I won a copy of the CD last night at a bar.

    When I saw the "Copyright Control" logo on it, I held down shift when I put it into my drive. That was a good plan, because I explored the CD and found all that CRM crapola in the autorun file.

    Ripped it with iTunes. It ripped fine, but VERY slowly. (2x, compared to the usual 16x.)
  • by cetialphav (246516) on Saturday June 19, 2004 @09:08PM (#9475594)
    This is just another example of why Linux is not ready for the desktop. I should be able to buy this CD and put it in my Linux box and NOT be able to rip it just like on Windows. Until Linux can run all of my important software (DRM controls, Kazaa, Gator, Sobig virus, and various spyware), I'll just stick with windows.

    Seriously, this is just stupid. I would guess that most pirated MP3s that are being shared out there have been downloaded from someone else, not ripped from the original CD. So it really only takes a few people with either a linux box or enough sense to turn of autorun on their CD drive to be able to spread pirated MP3s all over the world. This can't possibly stop anything and will likely piss off the people that are supposed to be customers.
  • by MuMart (537836) on Saturday June 19, 2004 @09:10PM (#9475610) Homepage
    I predict that the next versions of CD recording software will bundle their own hardware-banging IDE/ATAPI drivers to get around tricks like these.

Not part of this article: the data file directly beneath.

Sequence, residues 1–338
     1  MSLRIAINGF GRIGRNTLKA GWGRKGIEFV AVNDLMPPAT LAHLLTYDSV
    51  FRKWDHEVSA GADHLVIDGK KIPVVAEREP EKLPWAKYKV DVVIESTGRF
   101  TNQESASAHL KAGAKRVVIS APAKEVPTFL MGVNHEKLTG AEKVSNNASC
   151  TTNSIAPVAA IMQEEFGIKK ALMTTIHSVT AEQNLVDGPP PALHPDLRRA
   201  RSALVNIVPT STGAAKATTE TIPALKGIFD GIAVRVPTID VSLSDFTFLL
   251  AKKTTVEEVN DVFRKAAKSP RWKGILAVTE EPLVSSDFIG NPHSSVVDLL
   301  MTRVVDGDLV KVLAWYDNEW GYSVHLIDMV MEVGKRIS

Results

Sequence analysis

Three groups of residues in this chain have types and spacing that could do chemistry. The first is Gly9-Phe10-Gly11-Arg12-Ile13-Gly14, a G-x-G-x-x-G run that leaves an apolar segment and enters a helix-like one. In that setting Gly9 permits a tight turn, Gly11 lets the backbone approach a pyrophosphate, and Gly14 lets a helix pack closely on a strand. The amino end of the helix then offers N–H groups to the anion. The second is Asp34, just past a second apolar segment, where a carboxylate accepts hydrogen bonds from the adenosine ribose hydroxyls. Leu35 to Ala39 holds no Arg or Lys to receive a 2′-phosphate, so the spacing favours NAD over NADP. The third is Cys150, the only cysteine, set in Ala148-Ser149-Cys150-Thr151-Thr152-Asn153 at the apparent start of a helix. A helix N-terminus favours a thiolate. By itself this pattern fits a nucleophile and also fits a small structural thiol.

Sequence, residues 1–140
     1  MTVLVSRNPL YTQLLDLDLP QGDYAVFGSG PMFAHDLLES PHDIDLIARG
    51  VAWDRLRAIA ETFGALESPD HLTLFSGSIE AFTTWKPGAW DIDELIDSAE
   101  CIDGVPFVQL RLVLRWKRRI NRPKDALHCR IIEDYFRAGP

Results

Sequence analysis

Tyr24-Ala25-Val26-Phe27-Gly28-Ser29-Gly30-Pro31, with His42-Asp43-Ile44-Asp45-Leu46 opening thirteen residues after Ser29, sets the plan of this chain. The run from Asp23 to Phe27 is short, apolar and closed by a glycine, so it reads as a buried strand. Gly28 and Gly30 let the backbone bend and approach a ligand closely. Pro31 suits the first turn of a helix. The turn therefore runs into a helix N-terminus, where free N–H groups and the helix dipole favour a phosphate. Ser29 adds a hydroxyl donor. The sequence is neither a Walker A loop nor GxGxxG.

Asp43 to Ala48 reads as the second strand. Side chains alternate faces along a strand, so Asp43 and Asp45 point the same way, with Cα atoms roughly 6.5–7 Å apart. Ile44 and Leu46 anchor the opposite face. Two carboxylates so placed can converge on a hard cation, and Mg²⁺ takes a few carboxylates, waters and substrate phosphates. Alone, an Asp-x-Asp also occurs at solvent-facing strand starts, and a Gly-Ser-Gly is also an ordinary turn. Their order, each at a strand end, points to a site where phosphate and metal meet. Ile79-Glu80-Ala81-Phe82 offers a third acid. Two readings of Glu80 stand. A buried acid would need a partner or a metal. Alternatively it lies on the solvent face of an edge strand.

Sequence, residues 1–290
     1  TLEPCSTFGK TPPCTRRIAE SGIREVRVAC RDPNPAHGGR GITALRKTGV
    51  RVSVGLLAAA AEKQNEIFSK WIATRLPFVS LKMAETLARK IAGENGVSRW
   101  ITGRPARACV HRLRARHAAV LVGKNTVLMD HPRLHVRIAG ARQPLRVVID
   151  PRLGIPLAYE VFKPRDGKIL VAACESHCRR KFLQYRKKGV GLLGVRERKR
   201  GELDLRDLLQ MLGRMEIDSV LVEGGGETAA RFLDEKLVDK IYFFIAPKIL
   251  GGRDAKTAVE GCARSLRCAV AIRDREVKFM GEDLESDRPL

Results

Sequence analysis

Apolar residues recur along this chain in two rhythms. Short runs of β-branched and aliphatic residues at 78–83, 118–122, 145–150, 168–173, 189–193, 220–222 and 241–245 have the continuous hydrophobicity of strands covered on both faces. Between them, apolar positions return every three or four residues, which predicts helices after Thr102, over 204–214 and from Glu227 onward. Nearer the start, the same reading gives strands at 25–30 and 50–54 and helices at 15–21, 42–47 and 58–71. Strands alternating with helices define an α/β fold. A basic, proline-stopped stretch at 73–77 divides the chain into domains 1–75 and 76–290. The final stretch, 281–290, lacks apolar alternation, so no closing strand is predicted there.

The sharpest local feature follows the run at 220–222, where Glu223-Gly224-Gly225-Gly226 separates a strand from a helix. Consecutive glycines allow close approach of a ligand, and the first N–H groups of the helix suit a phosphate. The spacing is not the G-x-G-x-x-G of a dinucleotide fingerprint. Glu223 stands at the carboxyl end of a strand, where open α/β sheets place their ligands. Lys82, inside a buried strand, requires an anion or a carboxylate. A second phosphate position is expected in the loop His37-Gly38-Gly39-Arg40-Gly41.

It's a simple fact that people expect to be able copy their CDs.

  • Autorun on Mac OS? (Score:5, Interesting)

    by Anonymous Writer (746272) on Saturday June 19, 2004 @09:13PM (#9475624)

    Quotes from the story links...

    "It seems that Capitol Records has some sort of new copy protection system, that automatically, silently, installs "helpful" copy protection software on MacOS and Windows as soon as you insert the CD into default systems."

    "They include some sort of uninstaller buried on there for Windows, but I see no such thing for MacOS."

    I've never heard of something like the "autorun" feature for Mac OS. Is there one? Or was the person who wrote this unfamiliar with Mac OS and just presumed it had one?

  • TweakUI (Score:5, Informative)

    by Ryan Stortz (598060) <ryan0rz&gmail,com> on Saturday June 19, 2004 @09:13PM (#9475626)
    Download TweakUI from the MS Power Toys section [microsoft.com], it will let you change a slew of settings. Including disabling autorun.

    I'm also pretty sure that holding shift when you put the cd in will do the same thing.
  • by BigDish (636009) on Saturday June 19, 2004 @09:15PM (#9475640)
    Lately people have been prosecuted for writing a virus, well, whoever wrote this needs to be prosecuted the same way.
    1. It is malicious (prevents you from copying the CD as you noramlly would be able to.
    2. It silently installs itself, masquarading as a
    standard Audio CD (I'm sorry, 5" music disc)

    How is that different than any other trojan horse?
  • by geekoid (135745) <dadinportland@@@yahoo...com> on Saturday June 19, 2004 @09:39PM (#9475763) Homepage Journal